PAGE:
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How US guidance on wearing masks during coronavirus outbreak has evolved

The evolving policy over the use of face masks by the general public has left some confused.

There’s been some changing policies and guidance over whether widespread mask use is a good idea or not in the United States to combat coronavirus. 

The Centers for Disease Control and Prevention and the World Health Organization said at the start of the outbreak that masks were not needed by the general public. Those same guidelines stressed that masks should be reserved for people who are sick, those people taking care of the sick or medical professionals.

The U.S. Surgeon General put the mask guidance bluntly in late February when he emphatically tweeted “Seriously people- STOP BUYING MASKS!”

But in replies to that tweet, people questioned how masks could not be effective in preventing the general public from getting sick but at the same time be important for medical workers to avoid spreading it.

Others have wondered why some Asian countries recommend the general public wears masks but western countries haven’t.

Then finally, to add to all of the confusion, the AP has reported that the CDC is drafting guidance that would recommend mask use more broadly for the general public.

So are masks useful or not?

Well to start, let’s cover what the CDC’s and the WHO’s guidelines actually are. As of April 8, here's where things stand: 

The CDC has always said to wear a face mask if you’re sick. 

Now the CDC also recommends wearing cloth face coverings in public settings where other social distancing measures are difficult to maintain especially in areas of significant community-based transmission.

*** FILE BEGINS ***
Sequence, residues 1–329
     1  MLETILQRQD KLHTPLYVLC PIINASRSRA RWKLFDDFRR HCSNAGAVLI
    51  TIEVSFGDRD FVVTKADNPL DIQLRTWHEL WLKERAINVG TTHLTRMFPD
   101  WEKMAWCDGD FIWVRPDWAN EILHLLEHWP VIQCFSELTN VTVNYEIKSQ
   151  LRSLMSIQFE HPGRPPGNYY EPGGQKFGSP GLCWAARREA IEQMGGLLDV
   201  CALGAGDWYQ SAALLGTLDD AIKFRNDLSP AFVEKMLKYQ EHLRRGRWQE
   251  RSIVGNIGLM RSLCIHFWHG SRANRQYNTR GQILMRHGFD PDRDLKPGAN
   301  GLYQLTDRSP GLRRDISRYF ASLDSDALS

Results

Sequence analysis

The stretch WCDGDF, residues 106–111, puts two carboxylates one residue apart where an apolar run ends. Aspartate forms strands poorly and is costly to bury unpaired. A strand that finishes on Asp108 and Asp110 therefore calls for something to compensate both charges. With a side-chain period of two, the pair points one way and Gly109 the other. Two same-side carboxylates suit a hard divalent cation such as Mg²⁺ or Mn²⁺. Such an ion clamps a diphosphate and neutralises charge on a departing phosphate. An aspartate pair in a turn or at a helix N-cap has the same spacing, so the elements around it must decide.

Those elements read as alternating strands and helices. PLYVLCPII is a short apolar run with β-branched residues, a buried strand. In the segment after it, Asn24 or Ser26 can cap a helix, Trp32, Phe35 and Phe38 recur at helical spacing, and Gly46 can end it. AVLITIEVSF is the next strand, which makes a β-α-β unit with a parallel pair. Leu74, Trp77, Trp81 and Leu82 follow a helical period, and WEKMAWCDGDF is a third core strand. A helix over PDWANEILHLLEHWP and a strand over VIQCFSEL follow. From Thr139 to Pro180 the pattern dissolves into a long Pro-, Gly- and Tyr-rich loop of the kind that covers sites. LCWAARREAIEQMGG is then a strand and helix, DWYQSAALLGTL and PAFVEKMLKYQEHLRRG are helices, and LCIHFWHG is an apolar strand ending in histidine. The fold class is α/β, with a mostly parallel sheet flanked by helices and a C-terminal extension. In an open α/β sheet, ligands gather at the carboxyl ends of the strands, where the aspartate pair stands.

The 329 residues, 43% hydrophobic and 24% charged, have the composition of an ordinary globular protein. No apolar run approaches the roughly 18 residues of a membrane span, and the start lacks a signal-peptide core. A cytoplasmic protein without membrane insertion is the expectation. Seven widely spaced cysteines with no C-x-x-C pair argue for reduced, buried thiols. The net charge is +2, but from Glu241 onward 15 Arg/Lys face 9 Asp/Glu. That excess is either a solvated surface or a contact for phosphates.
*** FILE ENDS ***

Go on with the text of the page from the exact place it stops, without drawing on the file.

National Public Radio reporter Sam Whitehead recently interviewed CDC head Robert Redfield and said that Redfield told him one reason the CDC reviewed its mask guidelines is because they found that it’s possible up to 25% of people who have COVID-19 may not show any symptoms. So, he believed there could be value in the general public wearing masks so asymptomatic carriers don’t spread it.

The new recommendations ask the public to start using non-medical masks, like homemade cloth face coverings, made out of t-shirts or bandannas. But medical masks still be reserved only for medical workers.

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Essentially, the CDC’s views on masks have boiled down to two values: they can help prevent people who have COVID-19 from spreading it and there needs to be masks available for medical workers to use.

The WHO says something similar. The organization believes healthy people only need to wear masks if they are taking care of someone that may have COVID-19. Additionally, the guidance states to wear a mask if you’re coughing or sneezing.

The WHO guidance for the public adds two things the CDC doesn’t mention: Masks are only effective when used in combination with hand-washing and you must know how to use and dispose of a mask properly, if you’re going to wear one.

The guidance states you should wash your hands before putting on a mask, you should avoid touching it while you’re wearing it and wash your hands if you do happen to touch it, replace your mask if it gets damp, don’t re-use single use masks and, to remove masks from behind and wash your hands after when you’re done with them.

One reason why some Asian countries have promoted the idea that the general public should wear masks from the beginning is likely because of their experience with SARS, an epidemic of a virus similar to the one that causes COVID-19 and spread mostly within Hong Kong and mainland China.

Studies from the outbreak said that mask use had an impact in quelling the spread. One study found that “always wearing a mask when going out was associated with a 70% reduction in risk compared with never wearing a mask” during the SARS outbreak. Another study said “Surgical masks or N95 respirators were the most consistent and comprehensive supportive measures.”

So there’s a belief in those countries that widespread mask use has worked before. The United States, on the other hand, has not had that same experience.

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